Queensland and Victoria in a race to cull-tivate a kangaroo meat industry
The states of Queensland and Victoria are looking at culls of excessive numbers of kangaroos as a resource to harvest for Australian and overseas customers.
Kangaroo, which historically has been disparaged as pet food, has now become an Australian restaurant delicacy with its low cholesterol, gamey-tasting meat prized by gourmands.
According to a recent region report on Australia’s ABC radio, a Charleville-based business man in north-west Queensland has announced plans to re-open a game meat abattoir to produce shelf-ready kangaroo meat products such as sausages and lasagne. The abattoir was formerly a multi-million dollar plant, but has been closed since 2005 due to issues with exporting kangaroo meat.
The potential markets for the abattoir include Russia, which previously was a substantial importer of kangaroo products.
Meanwhile, the Victorian government has announced that it will look into what legislation needs to be changed to allow the commercial production of kangaroo meat in Victoria, the only State where kangaroo is prohibited. Currently all kangaroo meat sold in Victoria is sourced interstate.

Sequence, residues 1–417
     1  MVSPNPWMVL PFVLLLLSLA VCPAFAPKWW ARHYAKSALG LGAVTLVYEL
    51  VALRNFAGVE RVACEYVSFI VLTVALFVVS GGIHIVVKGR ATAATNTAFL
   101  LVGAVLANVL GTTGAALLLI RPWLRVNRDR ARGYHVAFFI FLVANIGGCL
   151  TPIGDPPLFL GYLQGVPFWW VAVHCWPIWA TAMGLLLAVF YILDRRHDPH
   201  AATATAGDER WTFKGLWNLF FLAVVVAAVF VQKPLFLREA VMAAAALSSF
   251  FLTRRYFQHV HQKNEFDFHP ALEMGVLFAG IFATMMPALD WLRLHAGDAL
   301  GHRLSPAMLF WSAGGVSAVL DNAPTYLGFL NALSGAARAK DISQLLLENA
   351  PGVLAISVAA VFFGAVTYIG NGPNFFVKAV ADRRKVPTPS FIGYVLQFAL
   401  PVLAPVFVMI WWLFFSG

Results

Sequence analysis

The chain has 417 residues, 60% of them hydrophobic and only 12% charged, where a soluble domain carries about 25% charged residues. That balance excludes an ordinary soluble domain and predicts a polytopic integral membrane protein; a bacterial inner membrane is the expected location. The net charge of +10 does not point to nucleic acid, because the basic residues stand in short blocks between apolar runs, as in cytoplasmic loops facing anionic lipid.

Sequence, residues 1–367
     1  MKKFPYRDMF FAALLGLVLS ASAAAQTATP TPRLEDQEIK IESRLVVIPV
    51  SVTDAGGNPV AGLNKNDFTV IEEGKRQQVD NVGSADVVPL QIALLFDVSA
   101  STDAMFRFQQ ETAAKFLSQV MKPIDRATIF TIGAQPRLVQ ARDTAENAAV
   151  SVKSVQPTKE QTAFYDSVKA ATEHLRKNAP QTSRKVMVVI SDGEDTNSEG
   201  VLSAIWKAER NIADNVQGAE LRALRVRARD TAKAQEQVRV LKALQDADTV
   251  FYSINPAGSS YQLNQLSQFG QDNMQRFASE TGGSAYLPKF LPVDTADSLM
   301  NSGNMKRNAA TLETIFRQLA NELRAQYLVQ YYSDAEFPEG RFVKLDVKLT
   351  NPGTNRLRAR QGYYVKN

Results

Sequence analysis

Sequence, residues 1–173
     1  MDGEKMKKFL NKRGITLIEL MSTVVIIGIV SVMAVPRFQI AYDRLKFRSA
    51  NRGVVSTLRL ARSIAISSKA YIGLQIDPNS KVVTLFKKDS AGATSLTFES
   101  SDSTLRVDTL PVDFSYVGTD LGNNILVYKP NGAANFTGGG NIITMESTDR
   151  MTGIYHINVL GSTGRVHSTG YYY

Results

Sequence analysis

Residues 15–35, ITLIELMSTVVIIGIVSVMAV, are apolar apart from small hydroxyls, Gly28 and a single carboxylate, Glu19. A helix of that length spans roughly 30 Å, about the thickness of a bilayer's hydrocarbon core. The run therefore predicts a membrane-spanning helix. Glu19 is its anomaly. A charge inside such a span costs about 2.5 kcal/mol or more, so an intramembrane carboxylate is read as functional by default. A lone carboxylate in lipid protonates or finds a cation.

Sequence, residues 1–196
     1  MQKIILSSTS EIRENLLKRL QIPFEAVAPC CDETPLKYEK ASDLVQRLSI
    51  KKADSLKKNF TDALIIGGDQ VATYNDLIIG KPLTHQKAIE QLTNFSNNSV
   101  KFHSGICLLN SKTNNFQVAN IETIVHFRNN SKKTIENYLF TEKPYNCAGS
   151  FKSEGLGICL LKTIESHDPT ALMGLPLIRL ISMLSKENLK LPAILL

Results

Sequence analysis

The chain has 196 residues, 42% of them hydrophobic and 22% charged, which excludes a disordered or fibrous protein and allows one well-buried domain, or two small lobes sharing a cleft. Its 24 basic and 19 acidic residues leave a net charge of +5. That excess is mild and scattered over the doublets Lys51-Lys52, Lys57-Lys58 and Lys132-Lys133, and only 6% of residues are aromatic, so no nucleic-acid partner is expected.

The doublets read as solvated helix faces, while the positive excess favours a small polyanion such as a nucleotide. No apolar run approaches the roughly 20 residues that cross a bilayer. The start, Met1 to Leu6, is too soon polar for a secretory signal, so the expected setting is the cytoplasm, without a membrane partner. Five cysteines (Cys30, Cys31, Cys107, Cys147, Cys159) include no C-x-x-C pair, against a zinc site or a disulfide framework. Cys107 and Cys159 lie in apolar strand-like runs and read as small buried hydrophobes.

Despite recent support from Victorian commercial hunters, there have been concerns raised about the kangaroo meat direct ‘from the wild.’ In September 2012, ABC reporters exposed the hygienic issues involved with the kangaroos being killed outside of a sterile factory.
The Victorian government has stated that if the legislation was changed, it would not increase the amount of kangaroos killed in the state each year and only kangaroo meat from the annual culling system would be allowed.